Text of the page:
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IPv6 basics

The basics of IPv6, IPv6 addresses, IPv6 scopes - kind of IPv6 for dummies ;-) I took a looong IPv6 course on Udemy in order to learn the very basics of IPv6 - but - I was struggling with it. Until I freed up my mind and forgot everything I knew about IPv4 - from then on I was able to learn IPv6 from scratch ;-)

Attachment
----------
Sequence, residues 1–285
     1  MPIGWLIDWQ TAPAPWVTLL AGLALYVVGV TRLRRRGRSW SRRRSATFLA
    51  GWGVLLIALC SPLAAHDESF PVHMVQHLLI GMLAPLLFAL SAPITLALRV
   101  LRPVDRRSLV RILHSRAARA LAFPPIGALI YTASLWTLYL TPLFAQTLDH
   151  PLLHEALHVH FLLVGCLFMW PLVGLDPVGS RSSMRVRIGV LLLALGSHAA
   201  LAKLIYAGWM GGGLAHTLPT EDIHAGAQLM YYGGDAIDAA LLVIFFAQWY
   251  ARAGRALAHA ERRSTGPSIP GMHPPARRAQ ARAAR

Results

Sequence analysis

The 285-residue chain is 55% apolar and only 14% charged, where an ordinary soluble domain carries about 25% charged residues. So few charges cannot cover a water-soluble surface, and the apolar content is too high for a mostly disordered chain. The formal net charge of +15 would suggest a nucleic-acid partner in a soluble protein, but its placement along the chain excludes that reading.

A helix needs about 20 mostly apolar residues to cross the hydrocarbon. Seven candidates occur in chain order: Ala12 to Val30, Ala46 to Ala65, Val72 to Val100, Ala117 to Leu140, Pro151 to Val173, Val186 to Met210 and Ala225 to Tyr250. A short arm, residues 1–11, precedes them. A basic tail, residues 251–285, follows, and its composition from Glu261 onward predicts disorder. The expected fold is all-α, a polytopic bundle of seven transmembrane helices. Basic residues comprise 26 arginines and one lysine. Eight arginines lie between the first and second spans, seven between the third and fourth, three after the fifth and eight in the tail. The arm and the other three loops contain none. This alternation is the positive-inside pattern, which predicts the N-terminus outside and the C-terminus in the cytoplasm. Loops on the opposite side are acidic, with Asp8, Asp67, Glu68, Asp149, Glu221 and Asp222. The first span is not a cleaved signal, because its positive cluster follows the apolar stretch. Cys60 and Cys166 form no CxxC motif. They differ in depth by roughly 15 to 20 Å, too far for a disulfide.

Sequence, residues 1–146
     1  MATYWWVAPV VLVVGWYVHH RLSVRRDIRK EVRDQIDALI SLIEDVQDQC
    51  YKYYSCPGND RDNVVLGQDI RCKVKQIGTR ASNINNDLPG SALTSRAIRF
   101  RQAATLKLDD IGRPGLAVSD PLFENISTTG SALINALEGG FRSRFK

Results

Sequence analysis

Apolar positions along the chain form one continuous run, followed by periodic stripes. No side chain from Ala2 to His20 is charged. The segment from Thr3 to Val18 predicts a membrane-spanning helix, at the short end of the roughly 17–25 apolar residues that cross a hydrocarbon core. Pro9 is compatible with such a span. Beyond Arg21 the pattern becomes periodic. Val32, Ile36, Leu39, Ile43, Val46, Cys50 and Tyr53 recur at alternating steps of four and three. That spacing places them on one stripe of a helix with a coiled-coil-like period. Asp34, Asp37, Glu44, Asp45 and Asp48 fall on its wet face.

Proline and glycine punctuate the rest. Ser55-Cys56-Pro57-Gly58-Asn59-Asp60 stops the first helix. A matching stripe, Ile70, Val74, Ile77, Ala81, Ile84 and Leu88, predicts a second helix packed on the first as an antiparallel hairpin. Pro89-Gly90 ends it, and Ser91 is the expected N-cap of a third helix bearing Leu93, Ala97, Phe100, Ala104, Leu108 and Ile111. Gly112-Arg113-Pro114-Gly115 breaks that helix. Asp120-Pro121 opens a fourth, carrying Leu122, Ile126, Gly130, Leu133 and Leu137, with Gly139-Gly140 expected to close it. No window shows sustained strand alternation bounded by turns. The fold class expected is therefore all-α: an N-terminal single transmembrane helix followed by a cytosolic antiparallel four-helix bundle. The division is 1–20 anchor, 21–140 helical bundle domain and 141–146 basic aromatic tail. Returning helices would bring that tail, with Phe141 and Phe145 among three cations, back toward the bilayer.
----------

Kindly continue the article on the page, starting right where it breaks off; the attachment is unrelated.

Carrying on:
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Click to view the entire transcript IPv6 from scratch (Please forget everything you know about IPv4) I recently took a lengthy course about IPv6 on Udemy. And I was struggling with it in the beginning. I know IPv4 quite well, but just couldn’t make up my mind to those new ugly IPv6 addresses. I then stopped and asked myself the question what is it? Why am I struggling? Until I realized – I was constantly “translating” from IPv6 into IPv4 in my head. I was trying to find an analogy to the IPv6 stuff in the IPv4 world. And that just didn’t work for me. From the moment that I freed up my mind and kind of forgot everything I knew about IPv4, things went totally smoothly. Great learning experience. As I wanted to make a video on IPv6 for a long time already I thought – how would I transmit that learning experience to a similar audience? So here’s the idea of this video: You forget everything you know about IPv4. And we will design a new protocol – IPv6 - from scratch. Together. We will do as if there was no protocol at all and as if we would need to design it from nothing. Shall we do that? Let’s go. (Creating the addresses) We have two nodes here. PC, phone, tablet, anything. How can we connect them? How can we build a network and have them talk to each other? I’d say each of these needs an IPv6 address. Like homes in the real world have addresses. As those devices are computers and as computers know zero’s and one’s (aka bits), let’s just think quickly how many bits we would want to give away for an IPv6 address. If we used 10 then we would have two to the power of ten different addresses available. That’s 1024 IPv6 addresses. Not enough for this world. If we used 128 bits or in other words 16 Bytes – that’s really not much memory these days – then our IPv6 could use two to the power of 128 which equals – erm – gazillions of addresses. That should do. Let’s rather go large. Our IPv6 addresses shall hence be 128 bits large, that’s 16 bytes. This way we can nicely group them in let’s say eight groups of two bytes. If we write the groups in hex numbers, then we would have eight blocks of 4 hex digits. This way people could even build short words with the blocks such as f00d or cafe or fade or whatever. In order to separate the blocks, let’s arbitrarily chose the colon character. So a valid address would be f00d:cafe:0000:0000:0000:0000:0000:0001. Just one thing is annoying here – this IPv6 address is long. Let’s shorten it. Let’s remove leading zeros in each block. In this case that would be f00d:cafe:0:0:0:0:0:1. You know what? Let’s not write the zeros at all. Let’s just write a double colon instead. So f00d:cafe::1. Looks much better. Just – we can only do this once in order to avoid ambiguity. FF:0:0:0:1:0:0:1 could hence be written like this (FF::1:0:0:1) or like this (FF:0:0:0:1::1) but not like this (FF::1::1), because we would not know how many zeros to put into which block. Let’s stop here and write down our findings on the OneMarcFifty IPv6 cheat sheet. We can use this later to look things up. IPv6 Address length, how to shorten IPv6 addresses, how to abbreviate zeros in IPv6. Here we go. (Creating the protocols) So now we have these two or three IPv6 nodes that can talk to each other. Just – we might need one more thing. We need to specify how they talk to each other. If we were sending voice or video data then we should go as fast as possible. In turn, it doesn’ really matter if we lose a packet or two. Let’s therefore create an IPv6 protocol and call it the User Datagram Protocol or short UDPv6. This IPv6 protocol will be stateless, that means we just fire and forget packets and do not check if they have arrived. We just throw the IPv6 packets over the fence. On the other hand, if we need to make sure that all IPv6 packets have arrived – kind of like with a registered letter at the mail where the recipient signs that it has arrived – we use another IPv6 protocol. Lets call it Transmission Control Protocol or TCPv6. But – we have a third use case. Actually a bunch of use cases. How are we going to tell those nodes which IPv6 address they will be having for example? How are we going to announce to them that there is an IPv6 router which they can use? Let’s define a third IPv6 protocol which we will basically use to manage or rather control everything in our IPv6 world. Let’s call this protocol Internet Control Message Protocol or short ICMPv6. Let’s assign numbers to those IPv6 protocols and quickly write them down on the IPv6 cheat sheet. (Bootstrapping and scopes) We have one last problem to solve. How are we kicking everything off – that means – how do we start ICMPv6 communication with the nodes if they don’t have an address yet? You know what? Let’s actually allow them to generate IPv6 addresses for themselves independently. And we call that mechanism Stateless Address Autoconfiguration (SLAAC). The Ipv6 address is stateless because it comes from nowhere. We would just need to make sure that they are unique. Actually, let’s make our IPv6 network a bit larger in order to see what we need. Let’s say we had a bunch of IPv6 routers here. They form IPv6 subnets. That means that they divide the network into smaller IPv6 networks. And actually – we could define three or actually four different ranges or areas or let’s call them IPv6 scope. One would be the internet. Let’s call this IPv6 scope global. Now inside our network – behind the internet gateway - we could basically do whatever we want. Let’s call this IPv6 scope unique local. And if all hosts are on the same collision domain or in other words in the same subnet or on the same switch, they share the same local link. Let’s therefore call that IPv6 scope Link local. If we go further to the inside then we might add a fourth IPv6 scope and call that one localhost. That would be the machine itself, for example a user connecting with a webbrowser to a software that is running on the very same machine. Awesome. We are making great progress with our IPv6 protocol. I am positive that at the end of this video we have the perfect IPv6 protocol stack. Quickly writing everything into the IPv6 cheat sheet – here we go. Scope and meaning. (Scope Prefixes) Now we thought that we had one challenge, but actually that leads us to a couple more things. First – how would a machine know which scope it is in? Let’s actually solve this by defining address ranges or blocks. This way a node would know the scope just by looking at the address. We arbitrarily chose the following address blocks. Let’s start with let’s say 2001 and then go on … 2002 and so on. Let’s assign blocks inside that IPv6 range to different ISPs or Internet service providers. If we need additional IPv6 blocks for special purposes, then the Internet Assigned Numbers Authority – the IANA – shall manage that. The unique local IPv6 scope shall get the range fc something to fd something. Or – in Classless Inter-Domain Routing (CIDR) notation – fc00::/7 – because the first seven bits are significant here. The link local scope shall get the fe80 colon something range. For the localhost let’s use the most simple thinkable address. ::1 Before I forget it – we want to write this into our IPv6 cheat sheet – address blocks – here we go. So now we can do the first thing – we can bootstrap or kick off IPv6 communication with addresses that the IPv6 node creates for itself. Inside the link local scope – the fe80 range. To make sure that the IPv6 address is unique, the node can use for example its Mac address or a UID or a timestamp or similar. From now on, the IPv6 node can speak to the first IPv6 router which in turn could then give out another IPv6 address in other IPv6 scopes. But then – if a router goes down, would we then need to change the IPv6 addresses from the global range to the let’s say link local range? You know what, let’s solve this in another way. Let’s allow nodes to have multiple IPv6 addresses. So a node will always have the local host address and a link local address starting with fe80, potentially a unique local IPv6 address starting with fc or fd plus it could have a public or rather global scope IPv6 address starting with 2 or 3 or maybe 4 at some point in time. In other words – if you see multiple IPv6 addresses on your host if you type ip addr or ipconfig /all in Windows – don’t panic – that’s by design. Here’s what that looks like on my PC. Let’s quickly write all this down in the cheat sheet. Address ranges per scope. Multiple addresses. Plus – let’s make a definition here in order to optimize traffic. Let’s say if two nodes are in the same subnet then they should use the fe80 IPv6 address to communicate. That will avoid that routers need to route local traffic that could have gone over the switch. So I add to the IPv6 cheat sheet – Always use the smallest possible scope for communications. (Prefixes and Subnets) What’s missing to make the perfect protocol? Maybe we should add a couple of mechanisms for subnetting here. As we have so many addresses, we can be utterly generous in giving them away. Let’s say we cut the IPv6 address in half. The first half of the IPv6 address would identify the network and the second half the node. So all nodes in one network would share the same four identical first blocks and could have four unique blocks for their IPv6 address inside the network or for their interface I should say. Actually – let’s even go further. We don’t have that many networks or - providers I should say - in the internet. 6 bytes or 48 bits will be enough to determine the site or the isp or the backbone where a packet needs to go to in the internet. That will drastically speed up routing in the internet. We can then use the remaining 16 bits of the first block for networks or rather subnets. We could even give whole IPv6 networks to the subscriber – the consumer – you and I. Here in Germany, Deutsche Telekom - who have the 2003 something network - actually allow me as a simple consumer to use the last 8 bits for subnetting. That means they are delegating a 56 bit prefix to me which I can use for subnets as I please. I can therefore create 256 subnets with zillions of public IPv6 addresses inside. Amazing how big the thing is. Cool – let’s stop here and summarize our findings on the cheat sheet. Subnets, Prefixes, Interface addresses. Before we close, I quickly want to show you a couple of very basic IPv6 tools that you of course know already. They are the same like in IPv4 – you may now remember it again. Just – on linux they very often have a 6 at the end in order to indicate IPv6 usage, such as ping6 or traceroute6. Or – with many of those – you can just add -6 in order to tell the tool to use IPv6 rather than IPv4. If you want to open a web page’s IPv6 address, then you can just write the address into the browser’s address bar with square brackets. Guys – that’s it for today – We have successfully designed the IPv6 protocol from scratch. I hope you liked the episode. If so – a like on Youtube is much appreciated. In one of the next episodes I will show you how to configure IPv6 with OpenWrt. Plus we might want to see how we can transform our IPv4 arpspoof device into an IPv6 network analyzer. The link to the IPv6 cheat sheet is in the description. Many thanks for watching! Stay safe, stay healthy, bye for now.